If you were listening to independent Canadian music in the 70’s and 80’s, you were most likely listening to music produced by Bernie
Finkestein and True North Records.

Back in those days, you could get discovered by people like Bernie, and have your life and musical career take off!

In 1969, I was far too young to hang out at Yorkville, Toronto, the mecca of the bohemian Canadian music scene. Heck, I didn’t live in Toronto until 1984. But my spirit and heart must have been there even at 8 years or age because the music that came out of that period made me feel more alive than any dogma or social conditioning my parents were trying to instill in me.

Artist such as Bruce Cockburn, Murray McLaughlin, The Paupers, Kensington Market and Rough Trade were…. so fresh and progressive compared to mainstream music and my Mom’s (bless her heart) endless playing of Roger Whittaker. Their songs helped to shaped how I felt about myself, opened my eyes to what music could be, and changed my perspective on life. They inspired me with their words, their boldness, rawness, honesty, and unique sounds. They not only inspired me, they inspired a whole generation. So, when I had a chance to chat with Bernie Finkelstein, in person, I grabbed it.

Bernie was in town for the Ottawa release of his memoirs, True North. It was held at The Elmdale Tavern, the perfect venue for the occasion; rustic and unscathed by stylized trends, and filled with photos of bands and memorabilia going back decades. And for those of us who were present for Bernie’s meet and greet, it was an experience of stepping back in time.

Harvey Glatt was in attendance, and Ken Rockburn was on hand as moderator… some fairly big names in Canadian broadcasting. I met and interviewed Ken a couple years back for a radio feature series I produced for CKCU’s 35th anniversary. So, I was delighted to catch up with him.

As I pulled out my recorder, I noticed the batteries were low. I had been at WestFest just a mere 2 hours before interviewing The Cooper Brothers and Al Wood (Al Wood and The Woodsmen). And now, when I wanted to capture a moment of Canadian music history,  I prayed the batteries would hold out. (I’m not the most technically savvy person on the planet… But holy shit, girl! Extra batteries in the purse would have come in handy). Disappointed and embarrassed, I faked it… praying and hoping the batteries would hold up. And they did!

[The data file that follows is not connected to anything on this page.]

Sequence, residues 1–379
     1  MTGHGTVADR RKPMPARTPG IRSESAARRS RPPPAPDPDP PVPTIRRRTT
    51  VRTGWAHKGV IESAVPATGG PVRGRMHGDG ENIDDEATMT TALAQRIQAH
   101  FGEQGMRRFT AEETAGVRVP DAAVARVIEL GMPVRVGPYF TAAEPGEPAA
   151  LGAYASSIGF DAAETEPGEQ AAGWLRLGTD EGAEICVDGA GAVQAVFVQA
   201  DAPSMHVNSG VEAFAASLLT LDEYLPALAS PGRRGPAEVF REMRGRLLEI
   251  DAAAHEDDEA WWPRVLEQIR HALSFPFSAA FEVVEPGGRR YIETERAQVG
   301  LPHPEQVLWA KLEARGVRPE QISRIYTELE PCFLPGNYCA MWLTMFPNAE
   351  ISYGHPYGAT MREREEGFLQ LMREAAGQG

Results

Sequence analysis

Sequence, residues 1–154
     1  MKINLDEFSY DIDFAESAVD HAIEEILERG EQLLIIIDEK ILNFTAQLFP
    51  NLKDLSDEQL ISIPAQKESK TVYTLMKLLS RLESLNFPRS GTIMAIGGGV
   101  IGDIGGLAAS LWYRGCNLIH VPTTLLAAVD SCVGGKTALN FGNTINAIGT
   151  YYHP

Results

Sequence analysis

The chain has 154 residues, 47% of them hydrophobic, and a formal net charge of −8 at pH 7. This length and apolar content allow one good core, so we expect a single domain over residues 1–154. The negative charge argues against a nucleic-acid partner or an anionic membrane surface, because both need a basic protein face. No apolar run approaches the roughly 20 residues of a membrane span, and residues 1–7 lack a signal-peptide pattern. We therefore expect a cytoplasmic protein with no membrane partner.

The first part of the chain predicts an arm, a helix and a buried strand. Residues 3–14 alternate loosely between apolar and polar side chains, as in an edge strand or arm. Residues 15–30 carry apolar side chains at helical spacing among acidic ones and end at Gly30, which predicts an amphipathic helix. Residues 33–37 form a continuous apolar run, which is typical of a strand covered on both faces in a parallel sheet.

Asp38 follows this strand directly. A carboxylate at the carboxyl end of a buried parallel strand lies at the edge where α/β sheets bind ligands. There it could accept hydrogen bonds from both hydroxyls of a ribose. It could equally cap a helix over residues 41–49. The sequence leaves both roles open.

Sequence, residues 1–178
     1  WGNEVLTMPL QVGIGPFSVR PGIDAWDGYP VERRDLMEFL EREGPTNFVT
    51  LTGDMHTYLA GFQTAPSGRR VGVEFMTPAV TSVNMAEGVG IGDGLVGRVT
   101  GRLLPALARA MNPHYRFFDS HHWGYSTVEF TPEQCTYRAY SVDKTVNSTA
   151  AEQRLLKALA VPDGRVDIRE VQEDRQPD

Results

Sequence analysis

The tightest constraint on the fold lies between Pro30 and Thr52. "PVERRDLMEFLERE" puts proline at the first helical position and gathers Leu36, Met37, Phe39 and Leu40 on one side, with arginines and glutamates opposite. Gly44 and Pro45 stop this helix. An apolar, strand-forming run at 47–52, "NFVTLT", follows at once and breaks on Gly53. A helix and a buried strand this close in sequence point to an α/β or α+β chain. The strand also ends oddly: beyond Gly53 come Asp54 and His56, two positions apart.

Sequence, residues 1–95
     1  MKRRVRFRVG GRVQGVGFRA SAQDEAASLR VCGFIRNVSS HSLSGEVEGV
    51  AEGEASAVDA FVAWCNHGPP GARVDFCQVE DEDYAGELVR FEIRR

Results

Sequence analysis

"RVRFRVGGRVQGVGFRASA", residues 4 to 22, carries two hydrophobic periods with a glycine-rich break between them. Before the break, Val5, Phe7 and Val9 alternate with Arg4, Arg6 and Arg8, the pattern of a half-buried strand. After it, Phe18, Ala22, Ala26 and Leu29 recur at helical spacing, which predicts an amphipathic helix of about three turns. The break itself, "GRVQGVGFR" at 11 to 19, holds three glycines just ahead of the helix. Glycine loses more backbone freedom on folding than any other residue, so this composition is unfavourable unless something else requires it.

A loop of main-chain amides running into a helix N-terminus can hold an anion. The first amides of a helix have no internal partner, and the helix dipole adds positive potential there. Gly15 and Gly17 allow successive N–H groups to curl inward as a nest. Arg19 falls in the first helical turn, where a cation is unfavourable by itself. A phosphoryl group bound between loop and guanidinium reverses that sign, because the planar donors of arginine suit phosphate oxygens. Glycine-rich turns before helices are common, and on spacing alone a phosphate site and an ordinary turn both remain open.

The recording isn’t the best with the all the background noise in the tavern, but it’s quite endearing. Unrefined and unplanned; two people just chatting in a bar…. (and yah, my ‘gaga’ little girl came out rather than the composed media professional). But it was all okay just being me and Bernie Finkelstein being, well… Bernie Finkelstein! That’s what I wanted… the person behind the success. And the icing on the cake despite all my fumbling? He leaned over, and with genuine warmth said, “I quite enjoyed our chat.”

When it came time for him to take centre stage in front of the crowd, he was just as endearing, gentle, humourous and candid. With his wife, Elizabeth, sitting next to me at the back of the room, he took eager ears back to his beginnings, his perspective on the times, the reason for his success, and his great adventure he called, True North Records.

His next big adventure? Retirement … whatever that means or entails. A little of this and a little bit of that… catching up on some reading in his backyard… and of course, after years of promoting others, now sharing his journey through his True North memoirs.

I can’t say enough on how much of a treat this experience was for me.  And if I can get my act together, I’ll post the audio for your listening pleasure!